Leonard Bernstein: The Greatest 5 Minutes in Music Education

We’ve previously written about one of Leonard Bernstein’s major works, The Unanswered Question, the staggering six-part lecture that the multi-disciplinary artist gave as part of his duties as Harvard’s Charles Eliot Norton Professor. Over 11 hours, Bernstein attempts to explain the whither and the whence of music history, notably at a time when Classical music had come to a sort of crisis point of atonality and anti-music, but was still pre-Merzbow.

But, as Bernstein said “…the best way to ‘know’ a thing is in the context of another discipline,” and these six lectures bring in all sorts of contexts, especially Chomsky’s linguistic theory, phonology, semantics, and more. And he does it all with frequent trips to the piano to make a point, or bringing in a whole orchestra—which Bernstein kept in his back pocket for times just like this.

Joking aside, this is still a major scholarly work that has plenty inside to debate. That’s pertinent a half a century after the fact, especially when so much music feels like it has stopped advancing, just recycling.

The above clip is just one of the gems to be found among the lectures, something that one viewer found so stunning they recorded it off the television screen and posted to YouTube.

In the clip, Bernstein uses the melody of “Fair Harvard,” also known as “Believe Me, If All Those Endearing Young Charms” by Thomas Moore—recognizable to the young’uns as the fiddle intro to “Come On, Eileen”—as a starting point. He assumes a prehistoric hominid humming the tune, then the younger and/or female members of the tribe singing along an octave apart.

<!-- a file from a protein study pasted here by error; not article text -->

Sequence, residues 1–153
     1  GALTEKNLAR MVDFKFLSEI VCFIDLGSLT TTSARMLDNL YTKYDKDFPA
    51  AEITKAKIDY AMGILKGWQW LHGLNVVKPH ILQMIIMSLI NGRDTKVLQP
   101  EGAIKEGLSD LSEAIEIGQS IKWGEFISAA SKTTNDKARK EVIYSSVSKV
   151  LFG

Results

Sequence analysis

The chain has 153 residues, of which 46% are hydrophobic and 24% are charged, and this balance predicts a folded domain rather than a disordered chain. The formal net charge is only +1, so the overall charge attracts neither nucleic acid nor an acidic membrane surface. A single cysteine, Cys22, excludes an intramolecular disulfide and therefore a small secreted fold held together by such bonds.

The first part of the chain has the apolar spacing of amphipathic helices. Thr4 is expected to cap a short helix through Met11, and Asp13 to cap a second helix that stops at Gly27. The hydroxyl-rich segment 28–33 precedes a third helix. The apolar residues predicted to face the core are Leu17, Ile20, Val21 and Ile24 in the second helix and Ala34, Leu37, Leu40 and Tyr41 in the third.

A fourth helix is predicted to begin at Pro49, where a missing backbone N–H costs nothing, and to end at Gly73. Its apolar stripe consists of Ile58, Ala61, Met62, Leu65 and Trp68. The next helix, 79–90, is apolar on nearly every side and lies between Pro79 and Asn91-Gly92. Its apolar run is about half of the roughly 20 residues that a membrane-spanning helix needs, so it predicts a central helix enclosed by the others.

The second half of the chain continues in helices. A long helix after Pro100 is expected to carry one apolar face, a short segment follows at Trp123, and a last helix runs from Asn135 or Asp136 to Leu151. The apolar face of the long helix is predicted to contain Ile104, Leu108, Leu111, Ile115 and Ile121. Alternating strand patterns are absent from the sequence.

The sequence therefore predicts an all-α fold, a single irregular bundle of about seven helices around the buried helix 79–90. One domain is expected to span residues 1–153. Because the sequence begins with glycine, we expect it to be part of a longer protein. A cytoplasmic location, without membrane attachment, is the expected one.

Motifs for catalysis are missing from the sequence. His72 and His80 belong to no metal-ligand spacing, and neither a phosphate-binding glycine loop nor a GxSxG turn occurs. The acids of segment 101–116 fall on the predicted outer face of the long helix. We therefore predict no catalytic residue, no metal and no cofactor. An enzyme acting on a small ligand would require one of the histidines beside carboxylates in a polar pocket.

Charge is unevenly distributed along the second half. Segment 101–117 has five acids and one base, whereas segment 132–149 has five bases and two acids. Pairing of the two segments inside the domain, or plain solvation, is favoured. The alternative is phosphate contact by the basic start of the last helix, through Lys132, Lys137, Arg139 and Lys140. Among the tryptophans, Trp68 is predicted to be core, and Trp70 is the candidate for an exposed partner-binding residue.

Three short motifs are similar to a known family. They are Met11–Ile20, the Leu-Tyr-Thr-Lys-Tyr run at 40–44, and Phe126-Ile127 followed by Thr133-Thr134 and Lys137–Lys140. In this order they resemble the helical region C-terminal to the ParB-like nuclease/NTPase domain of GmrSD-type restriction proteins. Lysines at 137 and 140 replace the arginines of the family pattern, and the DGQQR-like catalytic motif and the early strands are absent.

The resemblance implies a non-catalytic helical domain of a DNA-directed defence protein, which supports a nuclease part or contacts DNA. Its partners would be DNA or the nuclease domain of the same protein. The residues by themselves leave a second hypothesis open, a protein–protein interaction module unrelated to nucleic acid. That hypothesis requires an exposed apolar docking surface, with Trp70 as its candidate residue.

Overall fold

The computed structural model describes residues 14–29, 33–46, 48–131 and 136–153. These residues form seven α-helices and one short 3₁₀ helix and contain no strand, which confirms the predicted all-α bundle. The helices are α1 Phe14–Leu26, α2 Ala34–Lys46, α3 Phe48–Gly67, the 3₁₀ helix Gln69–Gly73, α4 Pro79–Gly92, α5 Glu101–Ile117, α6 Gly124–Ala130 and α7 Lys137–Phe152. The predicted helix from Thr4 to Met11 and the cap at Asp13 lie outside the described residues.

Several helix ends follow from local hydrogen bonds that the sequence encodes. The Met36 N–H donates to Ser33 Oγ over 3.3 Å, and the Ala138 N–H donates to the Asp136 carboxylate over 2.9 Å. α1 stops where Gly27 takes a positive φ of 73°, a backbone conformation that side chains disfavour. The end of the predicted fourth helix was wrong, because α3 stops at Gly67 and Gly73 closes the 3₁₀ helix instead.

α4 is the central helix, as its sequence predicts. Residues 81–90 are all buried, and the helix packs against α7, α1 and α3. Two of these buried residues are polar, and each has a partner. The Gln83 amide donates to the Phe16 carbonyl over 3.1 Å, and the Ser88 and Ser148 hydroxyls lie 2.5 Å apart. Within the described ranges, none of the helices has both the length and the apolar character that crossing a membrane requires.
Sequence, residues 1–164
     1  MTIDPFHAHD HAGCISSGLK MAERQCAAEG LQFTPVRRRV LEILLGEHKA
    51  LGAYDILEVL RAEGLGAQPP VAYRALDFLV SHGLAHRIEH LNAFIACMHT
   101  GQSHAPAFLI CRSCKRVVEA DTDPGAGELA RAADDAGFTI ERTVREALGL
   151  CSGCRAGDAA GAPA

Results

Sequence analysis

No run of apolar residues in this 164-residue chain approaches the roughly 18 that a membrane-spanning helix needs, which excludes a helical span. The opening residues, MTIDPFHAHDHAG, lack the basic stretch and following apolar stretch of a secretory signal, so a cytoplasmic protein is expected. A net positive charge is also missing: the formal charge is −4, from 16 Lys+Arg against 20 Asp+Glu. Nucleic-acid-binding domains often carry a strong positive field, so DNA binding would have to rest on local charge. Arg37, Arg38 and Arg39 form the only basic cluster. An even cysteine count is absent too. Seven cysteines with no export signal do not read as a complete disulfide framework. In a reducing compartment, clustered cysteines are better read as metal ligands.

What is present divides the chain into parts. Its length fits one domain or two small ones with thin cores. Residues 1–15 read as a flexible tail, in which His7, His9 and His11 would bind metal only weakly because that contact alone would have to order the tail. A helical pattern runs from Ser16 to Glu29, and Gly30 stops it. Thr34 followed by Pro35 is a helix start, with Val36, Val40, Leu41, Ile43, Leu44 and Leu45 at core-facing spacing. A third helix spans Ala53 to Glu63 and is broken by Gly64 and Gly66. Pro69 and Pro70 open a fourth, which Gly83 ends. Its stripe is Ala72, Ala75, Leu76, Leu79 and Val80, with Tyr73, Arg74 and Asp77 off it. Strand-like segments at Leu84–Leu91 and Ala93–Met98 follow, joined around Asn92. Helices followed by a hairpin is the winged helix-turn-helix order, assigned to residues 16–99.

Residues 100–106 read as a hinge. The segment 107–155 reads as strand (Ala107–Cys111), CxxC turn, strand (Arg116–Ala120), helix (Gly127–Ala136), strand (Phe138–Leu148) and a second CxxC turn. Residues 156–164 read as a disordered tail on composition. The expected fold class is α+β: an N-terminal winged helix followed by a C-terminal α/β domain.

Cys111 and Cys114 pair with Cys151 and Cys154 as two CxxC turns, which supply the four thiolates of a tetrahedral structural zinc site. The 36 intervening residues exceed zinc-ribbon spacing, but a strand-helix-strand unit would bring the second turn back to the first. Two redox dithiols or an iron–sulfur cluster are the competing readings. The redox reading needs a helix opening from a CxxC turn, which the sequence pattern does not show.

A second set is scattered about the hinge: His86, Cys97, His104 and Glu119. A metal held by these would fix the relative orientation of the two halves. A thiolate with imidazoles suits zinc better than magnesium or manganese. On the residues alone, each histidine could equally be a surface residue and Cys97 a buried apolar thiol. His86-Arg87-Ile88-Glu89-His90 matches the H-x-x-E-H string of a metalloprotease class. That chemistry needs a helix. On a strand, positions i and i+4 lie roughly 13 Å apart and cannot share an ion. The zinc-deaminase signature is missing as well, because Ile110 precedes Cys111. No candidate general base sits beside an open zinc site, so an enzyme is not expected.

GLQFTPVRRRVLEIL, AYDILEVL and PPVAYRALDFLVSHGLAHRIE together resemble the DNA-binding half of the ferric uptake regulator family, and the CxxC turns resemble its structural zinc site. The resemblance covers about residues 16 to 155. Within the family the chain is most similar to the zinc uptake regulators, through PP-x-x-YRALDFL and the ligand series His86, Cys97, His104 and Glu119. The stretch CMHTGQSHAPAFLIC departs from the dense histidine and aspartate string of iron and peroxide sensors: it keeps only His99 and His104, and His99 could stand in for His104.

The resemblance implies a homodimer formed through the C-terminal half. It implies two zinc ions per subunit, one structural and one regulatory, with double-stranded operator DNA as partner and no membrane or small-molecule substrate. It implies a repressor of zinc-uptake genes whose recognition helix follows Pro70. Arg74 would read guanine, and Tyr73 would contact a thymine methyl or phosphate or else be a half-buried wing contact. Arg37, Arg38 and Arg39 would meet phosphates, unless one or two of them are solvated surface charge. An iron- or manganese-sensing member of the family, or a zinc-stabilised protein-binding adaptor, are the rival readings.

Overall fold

From this moment of musical and human evolution, Bernstein brings in the fifth interval-—only a few million years later-—and then the fourth. Then polyphony is born out of that and…well, we don’t want to spoil everything. Soon Bernstein brings us up to the circle of fifths, compressing them into the 12 tones of the scale, and then 12 keys.

Bernstein can hear the potential for chaos, however, in the possibilities of “chromatic goulash,” and so ends with Bach, the master of “tonal control” who balanced the chromatic (which uses notes outside a key’s scale) with the diatonic (which doesn’t). (It all comes back to Bach, doesn’t it?)

And there the video ends, but you know where to find the rest. And finally we’ll leave you with this other, more explosive, rendering of “Fair Harvard.”

Related Content:

Glenn Gould Plays Bach on His U.S. TV Debut … After Leonard Bernstein Explains What Makes His Playing So Great (1960)

Leonard Bernstein Introduces the Moog Synthesizer to the World in 1969, Playing an Electrified Version of Bach’s “Little Fugue in G”

Leonard Bernstein’s First “Young People’s Concert” at Carnegie Hall Asks, “What Does Music Mean?”

Ted Mills is a freelance writer on the arts who currently hosts the FunkZone Podcast. You can also follow him on Twitter at @tedmills, read his other arts writing at tedmills.com and/or watch his films here.

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  • Larry Larson says:

    He was such a great teacher, but this is misleading. He mentions well-tempered notes, but elides over the fact that the harmonic series does not lead to the chromatic scale. The harmonic series needs to be overridden for it to work.

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